What I’ve noticed about my own spasms of addictive behavior is that they're just empty. The escape you hope for isn’t really there; you just get kind of frantic seeking it. And there's the awful letdown after. I’m much happier when I can spot the bluebird, when I can just be here and not be longing or lunging for some hoped-for refuge. Yet grabbing for a refuge has been a pattern in my life, surging up especially when I’ve felt overwhelmed. I think I’m learning to let the stress flow through, rather than try to hide from it — but these patterns of avoidance, long practiced, are not easily let go completely.

That, say the Biens, is where mindfulness comes in. They outline a program of ten “doorways” to long-term recovery through this practice of learning to be here, to face whatever comes up and just let it flow through. The first doorway is “Seeing the Magic of the Ordinary.” I guess that’s spotting the bluebird.

The aim of this practice, the Biens write, “is a warm, caring awareness ... an awareness that finds delight in what is, and is not so completely occupied with what we think should be.” And that makes sense. We’re so commonly distracted by how we wish things had been, or by how we want them to be soon. Then we grow to depend on distraction — I don’t really have to be here — and that can escalate into: I can take this, or smoke or drink this, and I won’t have to be here at all.

That is the pattern, isn’t it? Our simple, everyday ways of distracting ourselves can in some of us build to a compulsion, to separate and seek refuge, that can become a nightmare. I don’t want that. I don’t think anybody really wants that. Mindful Recovery suggests that the way to build the life we do long for is essentially simple: “The more awake you are, the more you can melt frozen behavior patterns that keep you stuck in repetitive, negative cycles.”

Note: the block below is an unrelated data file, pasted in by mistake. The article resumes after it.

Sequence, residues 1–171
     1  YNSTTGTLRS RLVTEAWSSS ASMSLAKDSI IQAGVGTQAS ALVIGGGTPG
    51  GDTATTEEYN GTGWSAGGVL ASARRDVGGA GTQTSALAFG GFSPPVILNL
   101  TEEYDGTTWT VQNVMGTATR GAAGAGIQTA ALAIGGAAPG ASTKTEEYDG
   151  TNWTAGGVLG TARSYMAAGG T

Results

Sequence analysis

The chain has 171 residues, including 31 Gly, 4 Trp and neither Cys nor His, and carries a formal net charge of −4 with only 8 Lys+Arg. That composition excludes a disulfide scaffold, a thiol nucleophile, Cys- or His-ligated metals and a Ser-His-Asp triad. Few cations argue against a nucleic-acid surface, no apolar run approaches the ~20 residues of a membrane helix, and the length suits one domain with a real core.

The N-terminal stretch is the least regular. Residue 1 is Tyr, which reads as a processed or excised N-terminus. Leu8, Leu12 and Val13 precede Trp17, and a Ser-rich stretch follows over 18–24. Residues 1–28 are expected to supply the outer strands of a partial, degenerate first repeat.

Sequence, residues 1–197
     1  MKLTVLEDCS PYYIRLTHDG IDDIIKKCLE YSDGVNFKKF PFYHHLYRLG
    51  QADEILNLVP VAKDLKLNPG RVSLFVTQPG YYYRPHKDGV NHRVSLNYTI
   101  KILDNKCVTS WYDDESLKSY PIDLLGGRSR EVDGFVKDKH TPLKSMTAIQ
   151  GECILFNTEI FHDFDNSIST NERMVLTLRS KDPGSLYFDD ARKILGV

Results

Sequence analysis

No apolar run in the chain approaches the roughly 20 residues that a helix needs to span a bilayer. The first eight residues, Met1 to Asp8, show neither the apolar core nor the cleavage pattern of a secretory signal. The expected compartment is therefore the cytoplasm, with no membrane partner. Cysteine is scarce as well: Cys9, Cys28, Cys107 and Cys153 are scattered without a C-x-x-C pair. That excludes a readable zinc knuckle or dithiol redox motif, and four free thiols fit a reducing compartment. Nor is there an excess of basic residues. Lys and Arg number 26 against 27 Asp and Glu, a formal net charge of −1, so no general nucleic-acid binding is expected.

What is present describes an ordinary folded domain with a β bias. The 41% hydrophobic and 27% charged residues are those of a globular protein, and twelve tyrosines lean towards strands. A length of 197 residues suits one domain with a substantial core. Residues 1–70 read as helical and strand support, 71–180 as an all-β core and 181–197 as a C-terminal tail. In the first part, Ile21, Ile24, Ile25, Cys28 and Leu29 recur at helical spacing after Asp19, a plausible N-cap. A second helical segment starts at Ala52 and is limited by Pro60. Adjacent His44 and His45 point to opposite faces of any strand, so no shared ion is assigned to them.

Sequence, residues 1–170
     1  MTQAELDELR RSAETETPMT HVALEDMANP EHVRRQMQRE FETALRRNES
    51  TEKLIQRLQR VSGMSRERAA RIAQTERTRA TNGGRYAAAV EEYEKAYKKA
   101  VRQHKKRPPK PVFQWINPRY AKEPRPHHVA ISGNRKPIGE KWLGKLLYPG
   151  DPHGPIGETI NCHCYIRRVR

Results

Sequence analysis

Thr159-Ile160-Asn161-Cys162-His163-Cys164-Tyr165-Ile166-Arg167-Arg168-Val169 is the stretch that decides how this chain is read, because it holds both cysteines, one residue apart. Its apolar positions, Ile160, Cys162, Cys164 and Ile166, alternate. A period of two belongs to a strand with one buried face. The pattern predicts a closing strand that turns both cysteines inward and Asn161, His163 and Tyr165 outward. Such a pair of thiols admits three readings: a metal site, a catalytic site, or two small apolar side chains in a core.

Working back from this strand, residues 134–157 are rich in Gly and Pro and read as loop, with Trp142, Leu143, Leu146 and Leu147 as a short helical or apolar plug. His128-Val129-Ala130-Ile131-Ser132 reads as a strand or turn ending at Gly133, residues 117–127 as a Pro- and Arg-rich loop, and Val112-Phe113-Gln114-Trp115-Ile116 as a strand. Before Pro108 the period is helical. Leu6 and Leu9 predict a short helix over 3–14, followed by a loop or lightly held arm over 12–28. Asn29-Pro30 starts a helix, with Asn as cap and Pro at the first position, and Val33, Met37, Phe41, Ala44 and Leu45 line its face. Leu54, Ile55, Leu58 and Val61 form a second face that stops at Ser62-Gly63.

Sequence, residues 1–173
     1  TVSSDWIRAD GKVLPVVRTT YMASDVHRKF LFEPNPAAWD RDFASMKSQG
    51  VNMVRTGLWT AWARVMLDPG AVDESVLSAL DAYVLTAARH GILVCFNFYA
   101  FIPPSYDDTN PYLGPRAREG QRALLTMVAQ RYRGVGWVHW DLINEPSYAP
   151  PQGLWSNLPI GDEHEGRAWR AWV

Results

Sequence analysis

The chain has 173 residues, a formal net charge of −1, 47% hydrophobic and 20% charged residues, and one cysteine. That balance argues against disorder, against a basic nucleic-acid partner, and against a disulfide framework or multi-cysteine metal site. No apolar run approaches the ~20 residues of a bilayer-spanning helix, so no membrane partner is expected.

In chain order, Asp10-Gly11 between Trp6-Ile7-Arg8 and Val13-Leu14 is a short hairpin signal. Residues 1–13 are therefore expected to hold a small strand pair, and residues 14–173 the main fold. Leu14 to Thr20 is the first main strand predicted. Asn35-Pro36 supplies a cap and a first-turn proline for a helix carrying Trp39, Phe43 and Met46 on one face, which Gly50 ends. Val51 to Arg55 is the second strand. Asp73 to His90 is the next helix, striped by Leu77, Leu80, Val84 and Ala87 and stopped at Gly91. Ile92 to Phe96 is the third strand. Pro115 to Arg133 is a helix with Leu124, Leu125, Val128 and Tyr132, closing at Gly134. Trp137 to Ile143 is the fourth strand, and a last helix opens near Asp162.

In my book The Prince of Denial, seventh grader Casey at first loyally pretends that his dad’s drinking isn’t a problem at all — so he too is caught up in resisting reality. I think in the story it grows more clear that if Casey goes on that way, his own life will be damaged, because he won’t know how to else to deal with hard things. He’ll just be good at denying and avoiding them. I grew up in an alcoholic family, and we got great at that. We were very entertaining at that. And I was always seeking a safe place, a hiding place.

I wonder what can happen if there is a simple shift — if we learn to seek refuge in just being with what is happening, in just resting in what is. That’s a simple shift, isn’t it? And maybe it’s the shift. Maybe that’s a key to living the life we all long, at heart, to live.

I think the bluebirds have left. It’s cold out there, after all. But in the spring, if I'm lucky, they’ll come back. If they do, I would like to really be here too. 

Hemingway's lodestone: the style of the Star
The darkness and the long walk home
 

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Monday, 10 August 2020